Considering API tests for ammonia aren't absolutely accurate, and considering my Nitrites are 0, should I consider my tank fully cycled? 

 

What should I do at this point? I read somewhere that I should add some fish pellets and wait for 12 hours to check whether my ammonia spikes up or does my filtration handle the bioload. Is that a true statement? 

00000IMG_00000_BURST20190304093622370_COVER.jpg

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Naekuh

id honestly say your good to go because the nitrite is 0. 

That means your bacteria is converting ammonia to nitrite, and you go another set of bacteria converting nitrite to nitrate, and you have no plants to consume the nitrate. 

 

How is your tank? has it browned out? 

IT should brown out a bit, and then go green.  

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seabass

Your tank is making good progress.  Since the ammonia levels are dropping, this means the bacteria are utilizing more ammonia than what is being produced.  At this point you can do a large water change to export the nitrate.  A side benefit is that it will also export ammonia.  If it were me, I'd change 100%.

 

Nitrite isn't toxic at marine pH levels, but it's encouraging that your biofilter is working.  At this point, you'll find that your nitrite test won't be needed until you cycle another tank.

 

Is the cycle established?  Basically, but there is obviously still some traces of ammonia.  I probably wouldn't be comfortable just yet about adding livestock.  However, after you change out all the water, it should be looking better.  Keep in mind, that newly mixed salt often contains ammonia too (it's a common, yet not often discussed contaminate).

 

After the water change, I'd wait at least a week.  Report back your test results in a week.  I'll bet you'll be ready then.

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Abhijit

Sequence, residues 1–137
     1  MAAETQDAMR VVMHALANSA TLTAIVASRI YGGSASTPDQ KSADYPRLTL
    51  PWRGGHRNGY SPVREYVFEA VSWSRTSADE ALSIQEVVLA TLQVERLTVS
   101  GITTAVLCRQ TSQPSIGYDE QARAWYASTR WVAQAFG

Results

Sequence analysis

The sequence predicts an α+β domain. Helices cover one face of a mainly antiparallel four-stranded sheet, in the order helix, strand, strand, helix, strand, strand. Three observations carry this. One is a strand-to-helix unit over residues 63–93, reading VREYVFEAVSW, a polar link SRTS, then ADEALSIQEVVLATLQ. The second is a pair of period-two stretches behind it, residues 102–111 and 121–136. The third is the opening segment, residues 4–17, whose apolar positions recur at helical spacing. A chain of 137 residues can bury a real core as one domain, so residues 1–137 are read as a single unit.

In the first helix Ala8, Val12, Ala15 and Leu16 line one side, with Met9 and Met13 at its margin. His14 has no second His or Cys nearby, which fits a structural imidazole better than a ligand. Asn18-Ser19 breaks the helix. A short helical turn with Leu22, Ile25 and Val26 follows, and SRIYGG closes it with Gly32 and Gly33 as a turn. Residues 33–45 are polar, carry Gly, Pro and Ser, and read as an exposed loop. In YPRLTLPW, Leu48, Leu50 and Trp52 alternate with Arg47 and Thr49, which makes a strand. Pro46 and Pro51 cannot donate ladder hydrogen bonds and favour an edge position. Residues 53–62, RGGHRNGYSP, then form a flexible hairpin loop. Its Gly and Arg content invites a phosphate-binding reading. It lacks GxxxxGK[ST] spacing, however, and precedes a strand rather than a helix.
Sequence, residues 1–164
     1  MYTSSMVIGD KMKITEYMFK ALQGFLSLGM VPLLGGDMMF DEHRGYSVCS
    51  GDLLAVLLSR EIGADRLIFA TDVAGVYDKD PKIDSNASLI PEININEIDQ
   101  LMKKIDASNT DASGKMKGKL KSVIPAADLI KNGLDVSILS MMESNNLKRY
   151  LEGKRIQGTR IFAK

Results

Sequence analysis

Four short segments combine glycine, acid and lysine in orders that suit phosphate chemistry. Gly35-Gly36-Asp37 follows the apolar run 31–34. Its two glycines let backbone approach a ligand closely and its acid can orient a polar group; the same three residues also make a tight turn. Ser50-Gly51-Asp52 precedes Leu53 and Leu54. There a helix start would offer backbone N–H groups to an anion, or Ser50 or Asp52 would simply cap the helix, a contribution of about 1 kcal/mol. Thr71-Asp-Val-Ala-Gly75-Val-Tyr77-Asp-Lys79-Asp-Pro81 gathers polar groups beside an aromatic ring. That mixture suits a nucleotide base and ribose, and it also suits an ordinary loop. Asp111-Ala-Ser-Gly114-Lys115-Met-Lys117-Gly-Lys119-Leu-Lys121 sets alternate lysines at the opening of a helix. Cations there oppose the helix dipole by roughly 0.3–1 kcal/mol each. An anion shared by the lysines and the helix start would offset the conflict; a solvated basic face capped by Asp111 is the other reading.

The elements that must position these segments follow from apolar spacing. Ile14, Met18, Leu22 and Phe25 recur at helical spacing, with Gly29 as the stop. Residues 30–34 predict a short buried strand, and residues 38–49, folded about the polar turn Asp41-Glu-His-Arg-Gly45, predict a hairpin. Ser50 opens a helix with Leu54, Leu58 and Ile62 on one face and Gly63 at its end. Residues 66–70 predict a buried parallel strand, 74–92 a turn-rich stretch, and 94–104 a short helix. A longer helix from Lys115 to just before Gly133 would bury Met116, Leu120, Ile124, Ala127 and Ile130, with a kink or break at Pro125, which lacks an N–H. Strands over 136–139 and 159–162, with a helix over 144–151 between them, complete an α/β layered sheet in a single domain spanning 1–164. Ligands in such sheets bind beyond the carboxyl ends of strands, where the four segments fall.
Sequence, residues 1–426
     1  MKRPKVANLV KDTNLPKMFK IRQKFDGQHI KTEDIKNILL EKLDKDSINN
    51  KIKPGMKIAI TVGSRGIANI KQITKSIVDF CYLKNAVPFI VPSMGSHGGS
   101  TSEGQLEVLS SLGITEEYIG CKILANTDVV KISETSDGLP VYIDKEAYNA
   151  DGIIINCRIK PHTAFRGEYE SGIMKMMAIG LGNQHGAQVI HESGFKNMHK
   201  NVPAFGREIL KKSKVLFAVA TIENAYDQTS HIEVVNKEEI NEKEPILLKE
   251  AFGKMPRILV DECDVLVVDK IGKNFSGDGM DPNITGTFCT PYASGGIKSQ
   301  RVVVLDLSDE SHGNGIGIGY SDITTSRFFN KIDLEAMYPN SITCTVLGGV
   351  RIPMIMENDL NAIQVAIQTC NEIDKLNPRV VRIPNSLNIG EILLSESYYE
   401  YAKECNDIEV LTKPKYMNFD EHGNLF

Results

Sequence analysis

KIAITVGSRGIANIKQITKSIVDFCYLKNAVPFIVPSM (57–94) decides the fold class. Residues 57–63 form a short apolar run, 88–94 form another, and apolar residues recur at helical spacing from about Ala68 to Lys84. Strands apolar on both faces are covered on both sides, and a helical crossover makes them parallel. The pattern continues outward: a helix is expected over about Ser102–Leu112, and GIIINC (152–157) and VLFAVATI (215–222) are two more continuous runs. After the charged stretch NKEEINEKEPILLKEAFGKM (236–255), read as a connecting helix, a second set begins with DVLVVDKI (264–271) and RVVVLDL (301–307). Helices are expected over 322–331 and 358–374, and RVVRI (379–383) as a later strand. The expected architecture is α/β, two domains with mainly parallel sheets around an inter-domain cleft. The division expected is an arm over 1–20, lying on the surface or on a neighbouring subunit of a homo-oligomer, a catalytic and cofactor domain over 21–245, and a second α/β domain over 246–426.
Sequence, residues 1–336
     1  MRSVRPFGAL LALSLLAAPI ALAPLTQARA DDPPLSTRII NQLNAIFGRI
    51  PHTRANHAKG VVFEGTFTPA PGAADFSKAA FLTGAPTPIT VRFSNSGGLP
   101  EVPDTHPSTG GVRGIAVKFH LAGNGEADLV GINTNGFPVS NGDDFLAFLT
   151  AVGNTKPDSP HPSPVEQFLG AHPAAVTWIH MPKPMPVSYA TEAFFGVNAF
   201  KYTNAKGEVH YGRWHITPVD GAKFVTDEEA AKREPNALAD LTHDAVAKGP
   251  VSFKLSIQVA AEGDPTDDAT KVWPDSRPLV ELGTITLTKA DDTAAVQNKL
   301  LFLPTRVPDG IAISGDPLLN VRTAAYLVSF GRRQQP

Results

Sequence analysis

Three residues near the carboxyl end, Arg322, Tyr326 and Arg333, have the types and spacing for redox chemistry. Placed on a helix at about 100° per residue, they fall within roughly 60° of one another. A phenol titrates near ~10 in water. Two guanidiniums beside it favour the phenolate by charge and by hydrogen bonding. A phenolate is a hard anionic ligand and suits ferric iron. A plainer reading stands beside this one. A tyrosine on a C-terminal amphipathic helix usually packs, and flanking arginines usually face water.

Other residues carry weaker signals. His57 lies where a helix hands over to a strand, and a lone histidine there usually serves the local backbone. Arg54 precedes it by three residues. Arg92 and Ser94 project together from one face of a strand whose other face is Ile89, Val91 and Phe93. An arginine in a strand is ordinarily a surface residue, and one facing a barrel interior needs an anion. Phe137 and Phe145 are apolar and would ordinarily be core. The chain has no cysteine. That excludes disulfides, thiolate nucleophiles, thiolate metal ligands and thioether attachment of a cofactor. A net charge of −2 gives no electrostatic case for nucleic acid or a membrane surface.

@Naekuh, surprisingly I don't have any algae, brown or otherwise. My tank is clean!! Here are a couple of pictures. 

 

@seabass, I'll do that. A massive WC tomorrow and then check parameters next week and report back. Had a question - after I do the WC tomorrow, and my ammonia drops, will my bacteria not 'starve'? Will starvation kill the bacteria colony that I have managed to build? I'm sorry if I sound stupid, just trying to learn 😬

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seabass

The nitrifying bacteria will be fine for many months without ammonia; so no worries there.  Plus, it resides mostly on hard surfaces (rock, sand, walls, and equipment), so the water change won't export it either.

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Naekuh

did you kill all your lights during your cycle? 

Im fairly sure most tanks will brown out, unless you ran it in the dark. 

 

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Abhijit

@seabass, okay that's a relief then!! Super!! Thanks for your advise, I'll report back in a week. 

 

@Naekuh, I did put on my lights, but not as much.. couple of hours everyday, not the required 8-9 hours each day. 

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Naekuh

@seabass is it possible for a tank to completely bypass the diatom explosion during cycle in a salt water tank?  

If this was freshwater, id be worried and think something was wrong... in all my tanks i have ever done, it always goes brown then it will start to go green, and that's when you know your cycle is fully complete outside checking ammonia..

 

I think that was how my SW tank now even underwent.  

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seabass

It's true that a diatom bloom usually occurs around this time (especially when using new sand).  However, it doesn't always happen.  Lack of silicate can prevent a diatom bloom.  Also, the reduction light cycle can be delaying the bloom.  And yes, green algae blooms often follow diatoms (depending on nutrient levels).  I usually don't like adding coral until after these blooms.

 

@Abhijit, I would increase your light cycle (to normal times) during this week.  We might as well see if anything blooms.  This might also provide some food for a cleanup crew (when you are ready to add them).